Luckily, it’s not time to put away the road bike quite yet and we took advantage of a free saturday to head for a spot of interval training in the English equivalent of the Alps… the Yorkshire Dales. As always, God’s own country didn’t disappoint and the 83km loop around a postcard-worthy landscape provided a perfect saturday spin. Having grown used to an incline of around 7% in the Alps, the Dales weren’t forgiving as we came face to face with 17% hills. They were short and sharp but the perfect way to get the thighs burning and the heart racing. That’s got to be good preparation for race training!

Anyway, enough said. I’m off to look at more pictures of Ted…

A true Yorkshire route, taking in a little of "The Way of the Roses"

A true Yorkshire route, taking in a little of “The Way of the Roses”

A taste of Yorkshire

A taste of Yorkshire…

A taste of Ted...

A taste of Ted…

Stopping in at Bolton Abbey

Stopping in at Bolton Abbey on our way out of the Wharfe Valley

 

The Alpine Way

After three months off from all things ski related (including the blog!) and some much needed time with family and friends back in the UK, we’re now back into the alpine way of life. Following the surprisingly glorious stint in the UK, particularly during June and July, I was a little disappointed to arrive back in the Alps to the news that this is the worst summer in living memory of most of the locals. After hearing there were no more than 3 sunny days in the whole of July it appears that old blighty has blown the alpine summer out of the water. Having said that we’ve had at least 5 sunny days since being back, nearly doubling that of July, so I’m hopeful for the rest of August!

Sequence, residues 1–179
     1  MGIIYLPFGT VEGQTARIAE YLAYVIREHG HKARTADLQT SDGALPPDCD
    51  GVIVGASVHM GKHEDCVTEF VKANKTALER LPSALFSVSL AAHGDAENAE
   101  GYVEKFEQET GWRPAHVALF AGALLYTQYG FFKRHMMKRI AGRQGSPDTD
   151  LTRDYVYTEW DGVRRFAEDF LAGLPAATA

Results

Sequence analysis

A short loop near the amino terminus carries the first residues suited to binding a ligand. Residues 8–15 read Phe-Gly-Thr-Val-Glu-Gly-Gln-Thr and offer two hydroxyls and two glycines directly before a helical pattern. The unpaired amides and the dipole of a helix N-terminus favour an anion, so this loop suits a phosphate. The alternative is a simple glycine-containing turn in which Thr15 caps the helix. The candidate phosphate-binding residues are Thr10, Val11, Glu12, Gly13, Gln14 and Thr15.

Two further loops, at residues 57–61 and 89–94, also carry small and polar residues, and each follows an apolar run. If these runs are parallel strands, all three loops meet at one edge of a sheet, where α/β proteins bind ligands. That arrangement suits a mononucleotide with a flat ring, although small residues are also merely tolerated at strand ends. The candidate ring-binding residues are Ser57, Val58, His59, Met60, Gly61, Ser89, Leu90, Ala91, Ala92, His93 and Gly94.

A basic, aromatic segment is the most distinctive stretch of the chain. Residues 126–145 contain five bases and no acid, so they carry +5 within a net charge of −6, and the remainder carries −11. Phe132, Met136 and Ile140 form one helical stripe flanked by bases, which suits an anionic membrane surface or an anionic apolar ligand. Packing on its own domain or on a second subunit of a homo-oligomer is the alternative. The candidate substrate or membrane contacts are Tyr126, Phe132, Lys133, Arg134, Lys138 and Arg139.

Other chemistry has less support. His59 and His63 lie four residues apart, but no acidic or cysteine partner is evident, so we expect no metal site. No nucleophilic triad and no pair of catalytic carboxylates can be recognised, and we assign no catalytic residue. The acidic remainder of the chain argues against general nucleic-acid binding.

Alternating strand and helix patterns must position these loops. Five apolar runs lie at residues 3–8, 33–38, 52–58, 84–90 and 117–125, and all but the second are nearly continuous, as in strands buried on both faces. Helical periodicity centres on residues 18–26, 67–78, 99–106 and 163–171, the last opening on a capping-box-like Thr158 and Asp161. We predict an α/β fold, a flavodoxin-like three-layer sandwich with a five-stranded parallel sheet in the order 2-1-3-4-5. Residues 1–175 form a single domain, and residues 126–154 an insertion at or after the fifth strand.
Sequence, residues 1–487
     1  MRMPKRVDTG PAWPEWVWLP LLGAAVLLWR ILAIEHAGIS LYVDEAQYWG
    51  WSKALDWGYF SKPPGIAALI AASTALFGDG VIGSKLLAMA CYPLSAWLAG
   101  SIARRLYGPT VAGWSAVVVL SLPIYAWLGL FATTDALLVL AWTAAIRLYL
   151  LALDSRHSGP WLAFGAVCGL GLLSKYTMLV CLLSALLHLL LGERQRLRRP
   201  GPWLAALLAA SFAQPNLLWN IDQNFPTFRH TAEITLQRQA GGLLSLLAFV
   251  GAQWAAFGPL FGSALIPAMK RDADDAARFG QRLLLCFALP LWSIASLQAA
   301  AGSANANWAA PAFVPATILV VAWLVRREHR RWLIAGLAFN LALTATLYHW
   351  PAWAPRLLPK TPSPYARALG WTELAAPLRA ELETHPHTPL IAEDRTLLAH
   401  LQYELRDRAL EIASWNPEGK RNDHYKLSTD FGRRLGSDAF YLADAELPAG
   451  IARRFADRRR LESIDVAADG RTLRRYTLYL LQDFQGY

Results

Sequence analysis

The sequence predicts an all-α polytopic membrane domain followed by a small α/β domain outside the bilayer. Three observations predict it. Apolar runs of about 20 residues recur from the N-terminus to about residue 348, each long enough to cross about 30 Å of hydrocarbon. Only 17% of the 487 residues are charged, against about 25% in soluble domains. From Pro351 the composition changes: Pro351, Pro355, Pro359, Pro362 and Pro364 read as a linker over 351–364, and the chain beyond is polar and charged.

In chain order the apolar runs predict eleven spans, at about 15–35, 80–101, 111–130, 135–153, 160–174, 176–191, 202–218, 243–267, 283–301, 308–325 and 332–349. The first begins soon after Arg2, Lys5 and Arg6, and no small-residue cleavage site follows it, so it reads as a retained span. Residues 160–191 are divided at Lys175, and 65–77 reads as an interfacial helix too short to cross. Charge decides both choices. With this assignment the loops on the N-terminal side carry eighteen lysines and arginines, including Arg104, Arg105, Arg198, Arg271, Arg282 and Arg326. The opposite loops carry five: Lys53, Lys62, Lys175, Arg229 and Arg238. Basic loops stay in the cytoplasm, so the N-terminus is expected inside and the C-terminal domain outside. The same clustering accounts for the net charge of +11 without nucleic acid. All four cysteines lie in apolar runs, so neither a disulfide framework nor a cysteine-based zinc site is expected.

Weather aside, it’s not stopped the array of activities that make the Alps so appealing for the summer. With tennis courts on the doorstep and a lake 5 minutes walk up the road offering everything from paddle boarding to flyboarding, not to mention being surrounded by mountains, Tignes offers a little something for everyone.

However, nothing quite beats the most lycra clad of all the summer activities in the Alps – road biking. Perfect for a spot of high altitude fitness training and arguably the best way to take in the breathtaking scenery. We took advantage of a free weekend and popped over to Italy to do just that. Arriving in Aosta slightly later than planned, without a vital pair of cleats, with no idea exactly where we were and with reports of storms, the planned cycling trip looked like it was going to be a non-starter. However thanks to a helpful Italian with google maps and a shiny new pair of cleats we were soon on our way.